Monday, June 24, 2013

STEC - Pre-takeover Order Flow Yields Two Types: A Good Speculator and a Possible Cheater

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STEC, Inc. (STEC) is a global provider of enterprise-class Flash-based solid-state drives (SSDs) that are designed for systems and applications that require high input and output (IO). The Company designs and develops its own SSD controllers, enhance them with firmware and integrate them with NAND flash media to manufacture SSDs.

This is an order flow note ahead of a takeover. I’m going to show two types of order flow – one that is incredibly suspicious, another that isn’t. Both made huge paper profits on the takeover news today, but it appears in two different ways.

First the news:
Western Digital (WDC) has agreed to acquire sTec (STEC) in a cash deal worth approximately $340 million. Under the terms of the deal, each WDC shareholder will receive $6.85 per share. The deal is expected to close by year end 2013.
Source: AP

The background to all of this is critical:

(1) The largest shareholder in STEC made a loud and public push for the firm to sell itself about six-months ago.
(2) The average daily volume in STEC is quite low relative to the trades we will be examining. I have included a snippet of the Trade breakdown section below.

Note the total average daily option volume over the last three-months for STEC is 568 options composed of 454 calls a day and 114 puts a day.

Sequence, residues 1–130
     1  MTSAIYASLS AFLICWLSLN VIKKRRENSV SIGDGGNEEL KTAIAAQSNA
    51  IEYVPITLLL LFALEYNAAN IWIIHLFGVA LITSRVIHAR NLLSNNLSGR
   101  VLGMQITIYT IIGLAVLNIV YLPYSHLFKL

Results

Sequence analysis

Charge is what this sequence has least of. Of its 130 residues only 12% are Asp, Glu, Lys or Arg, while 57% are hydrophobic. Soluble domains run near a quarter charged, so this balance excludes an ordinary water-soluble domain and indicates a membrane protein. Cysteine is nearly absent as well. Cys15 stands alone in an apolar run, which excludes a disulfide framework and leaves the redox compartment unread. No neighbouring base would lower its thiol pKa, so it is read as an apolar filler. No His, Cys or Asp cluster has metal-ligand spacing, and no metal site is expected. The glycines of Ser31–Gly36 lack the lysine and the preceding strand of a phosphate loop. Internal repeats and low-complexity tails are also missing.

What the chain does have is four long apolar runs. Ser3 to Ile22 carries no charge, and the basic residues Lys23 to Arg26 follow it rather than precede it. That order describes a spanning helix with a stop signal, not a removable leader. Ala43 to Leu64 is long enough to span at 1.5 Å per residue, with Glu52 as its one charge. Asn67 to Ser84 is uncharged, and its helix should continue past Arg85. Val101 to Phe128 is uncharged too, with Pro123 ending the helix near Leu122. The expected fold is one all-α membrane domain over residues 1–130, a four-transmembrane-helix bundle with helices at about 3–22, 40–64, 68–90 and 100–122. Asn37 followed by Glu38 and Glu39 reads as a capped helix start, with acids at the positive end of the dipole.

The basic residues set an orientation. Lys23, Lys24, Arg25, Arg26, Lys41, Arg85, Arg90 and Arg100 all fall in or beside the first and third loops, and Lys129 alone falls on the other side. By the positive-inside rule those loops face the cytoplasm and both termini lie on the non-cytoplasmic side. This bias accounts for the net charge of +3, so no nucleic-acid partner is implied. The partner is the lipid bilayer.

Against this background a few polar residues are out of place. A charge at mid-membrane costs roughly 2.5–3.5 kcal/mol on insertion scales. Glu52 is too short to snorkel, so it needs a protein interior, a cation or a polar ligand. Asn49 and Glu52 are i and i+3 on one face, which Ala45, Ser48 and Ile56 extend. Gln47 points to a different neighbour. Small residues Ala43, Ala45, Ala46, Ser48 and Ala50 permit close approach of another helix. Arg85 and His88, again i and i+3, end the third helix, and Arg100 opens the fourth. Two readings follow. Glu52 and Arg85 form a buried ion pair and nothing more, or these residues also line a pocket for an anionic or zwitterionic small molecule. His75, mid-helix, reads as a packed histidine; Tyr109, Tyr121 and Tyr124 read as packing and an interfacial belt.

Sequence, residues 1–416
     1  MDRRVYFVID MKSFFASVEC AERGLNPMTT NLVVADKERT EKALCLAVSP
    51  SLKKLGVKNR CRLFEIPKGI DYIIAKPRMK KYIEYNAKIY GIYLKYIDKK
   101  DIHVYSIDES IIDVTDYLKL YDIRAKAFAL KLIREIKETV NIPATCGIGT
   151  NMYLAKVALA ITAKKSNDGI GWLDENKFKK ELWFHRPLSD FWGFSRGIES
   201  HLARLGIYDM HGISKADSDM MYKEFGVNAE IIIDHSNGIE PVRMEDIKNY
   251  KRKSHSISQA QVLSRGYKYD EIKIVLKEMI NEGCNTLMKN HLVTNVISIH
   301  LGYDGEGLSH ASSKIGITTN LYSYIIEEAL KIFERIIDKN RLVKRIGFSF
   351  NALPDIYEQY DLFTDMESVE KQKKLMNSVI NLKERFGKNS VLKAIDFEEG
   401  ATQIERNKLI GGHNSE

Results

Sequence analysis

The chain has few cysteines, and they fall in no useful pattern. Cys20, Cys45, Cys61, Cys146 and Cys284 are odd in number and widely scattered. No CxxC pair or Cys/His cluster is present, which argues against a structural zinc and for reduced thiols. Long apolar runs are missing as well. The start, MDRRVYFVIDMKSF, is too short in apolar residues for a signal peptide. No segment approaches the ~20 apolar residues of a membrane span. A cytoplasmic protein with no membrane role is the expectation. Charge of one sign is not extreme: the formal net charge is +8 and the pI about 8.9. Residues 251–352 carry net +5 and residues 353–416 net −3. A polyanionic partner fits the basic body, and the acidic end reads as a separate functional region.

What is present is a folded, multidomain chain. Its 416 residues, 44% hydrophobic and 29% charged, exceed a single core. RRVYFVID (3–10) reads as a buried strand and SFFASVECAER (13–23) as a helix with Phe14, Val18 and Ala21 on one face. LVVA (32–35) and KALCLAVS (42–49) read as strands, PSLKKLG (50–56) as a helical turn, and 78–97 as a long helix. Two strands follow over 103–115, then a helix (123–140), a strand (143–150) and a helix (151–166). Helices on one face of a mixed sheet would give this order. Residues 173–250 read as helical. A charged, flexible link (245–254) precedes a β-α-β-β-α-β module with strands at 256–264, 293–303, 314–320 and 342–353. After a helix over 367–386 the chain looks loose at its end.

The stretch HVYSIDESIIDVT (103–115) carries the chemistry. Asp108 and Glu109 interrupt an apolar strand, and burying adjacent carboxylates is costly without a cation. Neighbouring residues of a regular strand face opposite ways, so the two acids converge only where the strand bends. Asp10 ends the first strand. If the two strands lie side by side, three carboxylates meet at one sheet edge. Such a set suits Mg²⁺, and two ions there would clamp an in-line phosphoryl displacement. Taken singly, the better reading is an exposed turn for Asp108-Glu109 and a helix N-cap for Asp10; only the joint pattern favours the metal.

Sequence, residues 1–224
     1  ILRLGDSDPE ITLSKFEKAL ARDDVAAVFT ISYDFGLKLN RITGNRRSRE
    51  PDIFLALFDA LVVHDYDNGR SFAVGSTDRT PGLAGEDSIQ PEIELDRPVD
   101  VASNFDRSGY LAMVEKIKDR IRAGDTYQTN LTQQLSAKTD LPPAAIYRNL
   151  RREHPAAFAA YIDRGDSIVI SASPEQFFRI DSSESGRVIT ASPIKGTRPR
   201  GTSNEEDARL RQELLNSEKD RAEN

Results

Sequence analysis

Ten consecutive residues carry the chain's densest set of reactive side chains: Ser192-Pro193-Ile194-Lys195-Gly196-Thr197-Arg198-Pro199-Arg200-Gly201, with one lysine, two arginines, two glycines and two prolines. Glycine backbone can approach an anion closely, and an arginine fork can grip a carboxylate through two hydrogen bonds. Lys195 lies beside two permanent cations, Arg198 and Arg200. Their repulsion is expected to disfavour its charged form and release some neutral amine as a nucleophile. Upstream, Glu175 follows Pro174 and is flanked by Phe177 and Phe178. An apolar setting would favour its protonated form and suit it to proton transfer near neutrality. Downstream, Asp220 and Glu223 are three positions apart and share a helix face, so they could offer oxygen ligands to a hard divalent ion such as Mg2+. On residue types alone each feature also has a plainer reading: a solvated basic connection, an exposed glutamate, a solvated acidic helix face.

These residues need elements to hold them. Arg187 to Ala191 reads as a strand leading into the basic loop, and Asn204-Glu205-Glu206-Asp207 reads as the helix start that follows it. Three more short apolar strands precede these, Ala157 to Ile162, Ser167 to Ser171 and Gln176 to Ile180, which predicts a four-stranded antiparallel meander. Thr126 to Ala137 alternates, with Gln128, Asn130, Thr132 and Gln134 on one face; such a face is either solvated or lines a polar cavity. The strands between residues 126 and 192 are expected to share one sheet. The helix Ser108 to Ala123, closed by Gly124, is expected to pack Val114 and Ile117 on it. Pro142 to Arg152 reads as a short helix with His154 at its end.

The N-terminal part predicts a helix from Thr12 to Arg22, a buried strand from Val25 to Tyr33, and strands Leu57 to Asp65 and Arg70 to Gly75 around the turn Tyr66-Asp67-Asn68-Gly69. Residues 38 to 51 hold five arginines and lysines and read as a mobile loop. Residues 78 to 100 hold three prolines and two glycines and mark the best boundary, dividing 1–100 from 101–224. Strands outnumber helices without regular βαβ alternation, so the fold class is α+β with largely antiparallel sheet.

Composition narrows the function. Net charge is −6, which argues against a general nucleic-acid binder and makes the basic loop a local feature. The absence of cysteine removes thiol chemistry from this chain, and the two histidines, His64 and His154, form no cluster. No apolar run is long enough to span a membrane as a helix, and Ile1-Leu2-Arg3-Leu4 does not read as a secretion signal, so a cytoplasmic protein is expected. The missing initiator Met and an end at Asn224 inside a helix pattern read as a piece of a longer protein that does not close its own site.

Now, the order flow. First, let’s look at what appears to be innocuous trading, with an intelligent but hedged speculation on a takeover.

Trading #1: Purchase of the Aug 4/5 Call spread

On 6-12-2013, it appears that ~1,400 Aug 4/5 call spreads were purchased for ~$0.15 (various prices). Note that combined, that makes ~ 2,800 options in just that trade, or nearly 5-fold the daily average.

That call spread is now worth full value ($1) and is up ~$119,000.

Notes to this trade:
(1) It was a spread, not a naked call purchase. If someone wanted to use inside information they would not have capped the upside – a naked purchase of the Aug 4 calls for ~$0.25 would be a $350,000 gain, or nearly 3-fold the gain on the spread.
(2) The trade date was 6-12-2013 – about two weeks before the announcement.
(3) The expiry chosen was August, giving the position more time but also costing more – again, not the finger print of a fraudulent trade.

Trading #2: Purchases of the Jul 3 calls naked

On 6-21-2013 (i.e. Friday) it appears that ~1,200 Jul 3 calls were purchased naked (uncovered) for ~ $0.60. Those calls are now worth $3.75 for a $380,000 gain.

Notes to this trade:
(1) The trade date is exactly one day before the deal – suspicious.
(2) The trades are in the front month – suspicious.
(3) The trades are naked (no spread) – suspicious.

In my opinion what we have here is one of three things:

(1) Cheaters all the way around (might even be the same people I both trades)
(2) No cheaters all the way around
(3) A cheater in one but not both of the trades

In my opinion, the spreads look either to be normal speculation on a firm known to be a takeover target or a very savvy trader using insider information knowing full well how to hide the obviousness of the trade.

In my opinion the naked Jul 3 call purchases are highly suspicious and could in fact be circumstantial evidence of malfeasance.

Either way, this is a really interesting examination of order flow pre-takeover.

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This is trade analysis, not a recommendation.

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1 comment:

  1. Friday was expiration for june options right? is it possible the july buyer was replacing a june option that was expiring? I believe about 1000 June calls expired otm on friday so do you think its possible the buyer just 'rolled' them without closing the worthless junes?